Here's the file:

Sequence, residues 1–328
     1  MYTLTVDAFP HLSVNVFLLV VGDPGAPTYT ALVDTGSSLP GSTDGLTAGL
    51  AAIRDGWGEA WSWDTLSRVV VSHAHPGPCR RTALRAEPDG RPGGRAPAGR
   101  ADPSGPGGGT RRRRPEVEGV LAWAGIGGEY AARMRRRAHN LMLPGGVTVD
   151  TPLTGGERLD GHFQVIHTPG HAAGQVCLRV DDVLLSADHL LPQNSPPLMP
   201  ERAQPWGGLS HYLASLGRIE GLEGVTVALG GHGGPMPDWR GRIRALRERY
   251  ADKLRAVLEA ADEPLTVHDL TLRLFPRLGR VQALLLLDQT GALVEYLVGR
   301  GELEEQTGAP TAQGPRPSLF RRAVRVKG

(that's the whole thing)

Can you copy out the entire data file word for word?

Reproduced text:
Sequence, residues 1–328
     1  MYTLTVDAFP HLSVNVFLLV VGDPGAPTYT ALVDTGSSLP GSTDGLTAGL
    51  AAIRDGWGEA WSWDTLSRVV VSHAHPGPCR RTALRAEPDG RPGGRAPAGR
   101  ADPSGPGGGT RRRRPEVEGV LAWAGIGGEY AARMRRRAHN LMLPGGVTVD
   151  TPLTGGERLD GHFQVIHTPG HAAGQVCLRV DDVLLSADHL LPQNSPPLMP
   201  ERAQPWGGLS HYLASLGRIE GLEGVTVALG GHGGPMPDWR GRIRALRERY
   251  ADKLRAVLEA ADEPLTVHDL TLRLFPRLGR VQALLLLDQT GALVEYLVGR
   301  GELEEQTGAP TAQGPRPSLF RRAVRVKG